The Cross of suffering that Jesus requires of us is the Cross of love, obedience in freedom, and generosity in imitation of Him:
Fear not, little flock, for it is your Father’s good pleasure to give you the kingdom. Sell your possessions, and give alms; provide yourselves with purses that do not grow old, with a treasure in the heavens that does not fail, where no thief approaches and no moth destroys. For where your treasure is, there will your heart be also. (Lk. 12:32-34)
Authentic love is costly and painful. Ask any mother called upon to change diapers in the middle of the night or any soldier who goes into battle defending his country. Jesus in the Garden feared the Cross, and we also fear the Cross in its many forms. Imitating Jesus, faithful and true Christians love and care for one another in every life situation.
Jesus promises, “You will know the truth, and the truth will make you free.” (Jn. 8:32) The Resurrection sheds new and glorious light on the truth of every promise He makes in the Gospel and throughout our lives:
Do not be anxious about your life, what you shall eat, nor about your body, what you shall put on. For life is more than food, and the body more than clothing. Consider the ravens: they neither sow nor reap, they have neither storehouse nor barn, and yet God feeds them. Of how much more value are you than the birds! And which of you by being anxious can add a cubit to his span of life? If then you are not able to do as small a thing as that, why are you anxious about the rest? Consider the lilies, how they grow; they neither toil nor spin; yet I tell you, even Solomon in all his glory was not arrayed like one of these. But if God so clothes the grass which is alive in the field today and tomorrow is thrown into the oven, how much more will he clothe you, O men of little faith! And do not seek what you are to eat and what you are to drink, nor be of anxious mind. For all the nations of the world seek these things; and your Father knows that you need them. Instead, seek his kingdom, and these things shall be yours as well. (Mt. 6:22-31)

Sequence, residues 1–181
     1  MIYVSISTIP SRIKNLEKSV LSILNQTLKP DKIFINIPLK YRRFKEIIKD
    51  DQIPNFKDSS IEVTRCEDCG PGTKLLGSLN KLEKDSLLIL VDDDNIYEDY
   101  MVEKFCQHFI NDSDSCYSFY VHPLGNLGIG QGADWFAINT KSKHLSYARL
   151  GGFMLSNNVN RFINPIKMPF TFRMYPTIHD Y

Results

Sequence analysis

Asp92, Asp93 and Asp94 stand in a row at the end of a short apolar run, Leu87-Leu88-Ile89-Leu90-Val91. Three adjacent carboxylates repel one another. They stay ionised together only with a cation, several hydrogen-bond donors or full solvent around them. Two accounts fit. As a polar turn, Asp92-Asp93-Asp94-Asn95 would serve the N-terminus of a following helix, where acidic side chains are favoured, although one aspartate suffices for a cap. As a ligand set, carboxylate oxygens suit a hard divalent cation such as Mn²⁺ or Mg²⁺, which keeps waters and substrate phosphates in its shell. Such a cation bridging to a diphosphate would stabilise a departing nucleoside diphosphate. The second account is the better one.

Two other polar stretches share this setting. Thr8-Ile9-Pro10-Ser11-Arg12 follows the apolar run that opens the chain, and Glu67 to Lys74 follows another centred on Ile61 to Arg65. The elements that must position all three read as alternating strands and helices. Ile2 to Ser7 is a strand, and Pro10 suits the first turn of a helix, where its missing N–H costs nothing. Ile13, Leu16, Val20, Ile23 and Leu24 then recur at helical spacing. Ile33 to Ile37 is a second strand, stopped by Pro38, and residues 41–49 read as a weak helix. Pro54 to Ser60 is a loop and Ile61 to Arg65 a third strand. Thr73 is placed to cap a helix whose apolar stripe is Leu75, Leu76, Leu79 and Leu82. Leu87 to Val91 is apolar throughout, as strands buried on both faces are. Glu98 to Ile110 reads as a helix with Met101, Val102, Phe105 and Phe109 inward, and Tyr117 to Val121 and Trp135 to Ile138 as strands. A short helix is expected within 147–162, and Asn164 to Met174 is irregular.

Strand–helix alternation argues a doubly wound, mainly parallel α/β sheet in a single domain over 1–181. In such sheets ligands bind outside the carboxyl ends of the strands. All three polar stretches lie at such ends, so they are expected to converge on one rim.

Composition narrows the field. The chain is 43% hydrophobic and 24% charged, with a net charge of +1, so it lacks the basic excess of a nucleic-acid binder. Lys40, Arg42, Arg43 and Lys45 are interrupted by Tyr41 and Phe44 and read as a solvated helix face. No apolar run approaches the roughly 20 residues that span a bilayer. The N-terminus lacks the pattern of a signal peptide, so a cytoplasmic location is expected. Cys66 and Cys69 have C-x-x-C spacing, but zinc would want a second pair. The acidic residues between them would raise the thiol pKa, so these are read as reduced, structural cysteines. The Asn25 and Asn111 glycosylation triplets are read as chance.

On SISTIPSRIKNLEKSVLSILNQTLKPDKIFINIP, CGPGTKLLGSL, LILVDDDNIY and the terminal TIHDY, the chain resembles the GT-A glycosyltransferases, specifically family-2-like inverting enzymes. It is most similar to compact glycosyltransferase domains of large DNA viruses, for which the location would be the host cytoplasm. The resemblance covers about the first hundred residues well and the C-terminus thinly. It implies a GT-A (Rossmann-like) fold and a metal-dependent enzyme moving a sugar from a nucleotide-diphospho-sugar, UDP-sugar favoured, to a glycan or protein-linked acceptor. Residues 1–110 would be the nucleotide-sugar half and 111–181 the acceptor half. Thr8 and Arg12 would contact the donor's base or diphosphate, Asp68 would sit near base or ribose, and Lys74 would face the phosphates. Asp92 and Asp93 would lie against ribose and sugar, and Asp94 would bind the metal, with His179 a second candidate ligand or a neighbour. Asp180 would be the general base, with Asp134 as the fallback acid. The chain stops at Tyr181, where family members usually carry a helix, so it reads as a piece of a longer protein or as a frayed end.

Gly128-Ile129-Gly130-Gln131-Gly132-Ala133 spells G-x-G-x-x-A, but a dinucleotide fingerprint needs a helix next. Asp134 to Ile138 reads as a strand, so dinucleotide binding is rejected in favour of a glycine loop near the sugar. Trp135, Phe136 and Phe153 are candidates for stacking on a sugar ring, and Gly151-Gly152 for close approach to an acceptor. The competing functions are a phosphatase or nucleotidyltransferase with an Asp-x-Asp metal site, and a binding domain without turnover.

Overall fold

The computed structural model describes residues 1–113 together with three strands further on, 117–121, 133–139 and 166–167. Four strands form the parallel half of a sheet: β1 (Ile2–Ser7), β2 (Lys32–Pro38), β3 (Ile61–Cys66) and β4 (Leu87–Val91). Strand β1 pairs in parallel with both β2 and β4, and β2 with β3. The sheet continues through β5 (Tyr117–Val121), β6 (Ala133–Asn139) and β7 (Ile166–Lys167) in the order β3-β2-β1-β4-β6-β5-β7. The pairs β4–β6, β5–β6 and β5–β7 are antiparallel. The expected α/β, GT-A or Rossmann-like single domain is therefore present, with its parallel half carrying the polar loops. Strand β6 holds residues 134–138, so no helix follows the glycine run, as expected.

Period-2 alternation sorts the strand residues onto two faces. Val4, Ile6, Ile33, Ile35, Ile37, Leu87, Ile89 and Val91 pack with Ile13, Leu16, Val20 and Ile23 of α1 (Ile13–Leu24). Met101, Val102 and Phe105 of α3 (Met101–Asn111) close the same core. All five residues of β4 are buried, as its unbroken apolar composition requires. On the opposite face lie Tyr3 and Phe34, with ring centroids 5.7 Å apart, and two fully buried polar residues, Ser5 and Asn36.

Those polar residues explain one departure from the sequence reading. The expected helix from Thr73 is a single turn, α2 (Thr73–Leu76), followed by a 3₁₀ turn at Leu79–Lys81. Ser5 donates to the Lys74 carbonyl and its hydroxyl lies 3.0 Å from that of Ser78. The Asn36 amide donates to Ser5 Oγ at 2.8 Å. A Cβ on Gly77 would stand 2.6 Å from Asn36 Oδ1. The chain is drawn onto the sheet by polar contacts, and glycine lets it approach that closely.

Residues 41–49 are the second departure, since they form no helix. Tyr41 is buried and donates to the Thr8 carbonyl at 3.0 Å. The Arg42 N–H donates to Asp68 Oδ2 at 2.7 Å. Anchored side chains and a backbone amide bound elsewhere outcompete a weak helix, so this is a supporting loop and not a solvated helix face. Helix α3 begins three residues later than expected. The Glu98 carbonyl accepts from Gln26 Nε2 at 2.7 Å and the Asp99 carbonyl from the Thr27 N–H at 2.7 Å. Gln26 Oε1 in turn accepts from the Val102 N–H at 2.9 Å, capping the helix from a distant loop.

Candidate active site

The Cross helps us confront our fears; the Resurrection and the promise of eternal life help us overcome them. The work of Christian love God planned for us—however great or humble—is indispensable. We have our Christian duties as assigned. Fortified by the graces of the Sacraments, let’s resolve to serve one another with confidence, love, and generosity.
Be of good cheer. Christ is risen!
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Posted by: Cinciradiopriest -
Apr. 19, 2022 9:52 PM ET USA
Thank you for this reflection Fr. Pokorsky. Faith in the bodily resurrection should have kept our Churches two years ago. Increase our faith O Lord.
Posted by: cmaloney2007 -
Apr. 19, 2022 7:02 PM ET USA
As I finished the Evening Prayer of the Hours, I asked Our Lord for guidance on a particular intention. Then I read your article, which provided the guidance I was seeking. God bless you, Father, and thank you.